To Mellow His Meltdowns

Our son twists his face into the panicked look

you might get right before a car crash as he

stomps his foot and says Your mom’s

gonna get raped and you’re gonna cry

and we wonder where he heard that.

His behaviorist told us to whisk him off to his room

to mellow his meltdowns, so I say

Let’s go upstairs, Buddy,

but he screams No, I don’t have to

deal with this crap and we wish he didn’t.

He calls himself a jerk, slaps himself

hard and my cheek stings red

because my son’s autism is mine.

When my wife says Calm down, he curses us

until we both feel goddamned.

His words rappel from my ears into my throat

and I can feel that, for him, trying to keep silent

right now is like trying not to cough when the need

rises from your chest and tickles your throat.

He curses the whirling chaos of his world, slaps

his own face and his mom and I worry


about what happens next year

when he gets his driver’s license

if his tail-light goes out and the blue coplight

swirls in his eyes and the siren rings

in his ears and the officer says put your hands up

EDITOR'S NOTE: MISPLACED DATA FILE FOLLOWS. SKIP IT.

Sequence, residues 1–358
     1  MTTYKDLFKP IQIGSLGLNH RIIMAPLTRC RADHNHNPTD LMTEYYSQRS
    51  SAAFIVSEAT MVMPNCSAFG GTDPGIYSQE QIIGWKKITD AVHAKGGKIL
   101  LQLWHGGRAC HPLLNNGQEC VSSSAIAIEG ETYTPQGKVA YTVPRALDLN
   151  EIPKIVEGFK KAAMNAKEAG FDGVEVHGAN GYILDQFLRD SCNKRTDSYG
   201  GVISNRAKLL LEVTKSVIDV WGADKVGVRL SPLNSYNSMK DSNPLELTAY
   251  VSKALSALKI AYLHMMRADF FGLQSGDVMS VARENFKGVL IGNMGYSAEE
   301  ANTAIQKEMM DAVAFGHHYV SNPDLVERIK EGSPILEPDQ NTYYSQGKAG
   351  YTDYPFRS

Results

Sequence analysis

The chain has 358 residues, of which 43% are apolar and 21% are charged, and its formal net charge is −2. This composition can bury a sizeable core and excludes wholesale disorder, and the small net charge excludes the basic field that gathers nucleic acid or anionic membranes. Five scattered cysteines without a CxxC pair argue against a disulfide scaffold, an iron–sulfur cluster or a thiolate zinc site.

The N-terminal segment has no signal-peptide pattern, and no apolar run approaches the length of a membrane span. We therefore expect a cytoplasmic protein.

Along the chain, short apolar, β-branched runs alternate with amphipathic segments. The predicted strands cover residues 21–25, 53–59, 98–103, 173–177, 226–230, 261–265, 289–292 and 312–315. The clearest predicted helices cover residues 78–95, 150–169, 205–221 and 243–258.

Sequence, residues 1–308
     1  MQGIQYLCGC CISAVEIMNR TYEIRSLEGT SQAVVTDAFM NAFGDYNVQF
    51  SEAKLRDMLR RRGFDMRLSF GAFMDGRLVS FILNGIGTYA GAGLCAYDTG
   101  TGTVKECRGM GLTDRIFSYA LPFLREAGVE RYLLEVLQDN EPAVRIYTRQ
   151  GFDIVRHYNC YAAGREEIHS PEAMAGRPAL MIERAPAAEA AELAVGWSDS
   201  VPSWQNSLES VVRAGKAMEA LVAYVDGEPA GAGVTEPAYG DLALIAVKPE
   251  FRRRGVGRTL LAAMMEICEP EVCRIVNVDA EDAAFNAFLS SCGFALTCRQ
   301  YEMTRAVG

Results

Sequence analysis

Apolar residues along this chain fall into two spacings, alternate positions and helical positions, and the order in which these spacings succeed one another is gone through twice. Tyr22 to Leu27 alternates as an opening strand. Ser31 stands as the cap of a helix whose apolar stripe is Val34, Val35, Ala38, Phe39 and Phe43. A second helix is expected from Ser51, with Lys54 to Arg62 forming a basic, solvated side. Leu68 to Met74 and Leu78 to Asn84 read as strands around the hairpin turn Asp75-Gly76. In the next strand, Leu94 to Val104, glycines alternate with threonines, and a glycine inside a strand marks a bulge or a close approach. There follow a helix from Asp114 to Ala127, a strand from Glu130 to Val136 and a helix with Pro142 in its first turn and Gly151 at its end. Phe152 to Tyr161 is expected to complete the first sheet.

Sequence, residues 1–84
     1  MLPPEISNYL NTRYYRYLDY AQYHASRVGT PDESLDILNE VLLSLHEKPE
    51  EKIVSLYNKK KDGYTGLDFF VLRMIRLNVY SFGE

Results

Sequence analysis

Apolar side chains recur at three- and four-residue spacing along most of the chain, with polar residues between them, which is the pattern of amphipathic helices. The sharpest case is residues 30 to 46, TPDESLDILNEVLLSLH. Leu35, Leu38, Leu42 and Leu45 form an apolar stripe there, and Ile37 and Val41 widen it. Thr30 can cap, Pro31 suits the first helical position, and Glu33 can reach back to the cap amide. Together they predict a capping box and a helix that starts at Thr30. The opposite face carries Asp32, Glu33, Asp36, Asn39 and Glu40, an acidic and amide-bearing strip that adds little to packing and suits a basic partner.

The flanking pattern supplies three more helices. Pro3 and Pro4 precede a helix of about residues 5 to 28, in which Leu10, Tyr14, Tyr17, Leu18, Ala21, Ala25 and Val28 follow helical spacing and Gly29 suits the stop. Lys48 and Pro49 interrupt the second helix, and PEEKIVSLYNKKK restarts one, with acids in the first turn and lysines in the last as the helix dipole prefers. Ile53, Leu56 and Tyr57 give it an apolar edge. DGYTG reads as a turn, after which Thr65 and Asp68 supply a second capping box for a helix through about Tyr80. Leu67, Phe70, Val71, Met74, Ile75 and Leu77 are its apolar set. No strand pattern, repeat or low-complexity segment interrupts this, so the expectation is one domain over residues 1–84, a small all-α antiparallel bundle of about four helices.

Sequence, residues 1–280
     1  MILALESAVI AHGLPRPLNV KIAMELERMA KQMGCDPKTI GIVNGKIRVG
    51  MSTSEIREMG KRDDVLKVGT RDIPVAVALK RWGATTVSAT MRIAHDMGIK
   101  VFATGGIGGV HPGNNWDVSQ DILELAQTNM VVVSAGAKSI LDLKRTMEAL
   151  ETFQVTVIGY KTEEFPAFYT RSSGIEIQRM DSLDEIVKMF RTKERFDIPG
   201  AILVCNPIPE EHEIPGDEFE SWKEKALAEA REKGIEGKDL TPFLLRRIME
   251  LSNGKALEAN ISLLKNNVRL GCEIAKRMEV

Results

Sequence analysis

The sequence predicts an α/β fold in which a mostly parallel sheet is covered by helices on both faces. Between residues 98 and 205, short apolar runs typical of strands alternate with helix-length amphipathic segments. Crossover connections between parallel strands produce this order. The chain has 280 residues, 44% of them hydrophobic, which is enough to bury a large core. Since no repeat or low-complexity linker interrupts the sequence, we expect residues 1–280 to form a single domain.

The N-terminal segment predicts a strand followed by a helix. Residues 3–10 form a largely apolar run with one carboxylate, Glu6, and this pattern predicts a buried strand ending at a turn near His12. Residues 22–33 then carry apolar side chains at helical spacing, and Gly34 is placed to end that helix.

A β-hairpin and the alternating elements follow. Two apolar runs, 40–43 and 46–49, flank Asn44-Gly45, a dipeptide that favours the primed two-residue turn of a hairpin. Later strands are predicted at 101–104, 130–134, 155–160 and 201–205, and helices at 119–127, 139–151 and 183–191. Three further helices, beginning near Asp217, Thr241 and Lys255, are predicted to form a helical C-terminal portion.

and our son reaches for his ID in his Batman wallet,

swaying, cursing at the officer who doesn’t know

that this boy has bought fifteen extension cords

of all colors and sizes that Youtube taught him

to tie into daisy chains, that he knows he owns

ninety-three shirts and can tell you

there are ninety-nine days until his birthday,

that he’s memorized the height and weight

of every president, watches Elf once a week,

and just needs to calm down in his room

with Johnny Thunders or Joey Ramone

soothing him through his phone

and what if the cop, hand on holster,

says Calm down, control yourself,

show me your hands, now, show me your hands?

Tom C. Hunley

TOM C. HUNLEY is a professor in the MFA/BA creative writing programs at Western Kentucky University. His forthcoming books are the second edition of his textbook, THE POETRY GYMNASIUM (McFarland) and WHAT FEELS LIKE LOVE: NEW AND SELECTED POEMS (C&R Press). Individual poems of his have appeared in Atlanta Review, Cimarron Review, The Pinch, Rattle, and Zone 3, among many others.

Contributions by Tom C. Hunley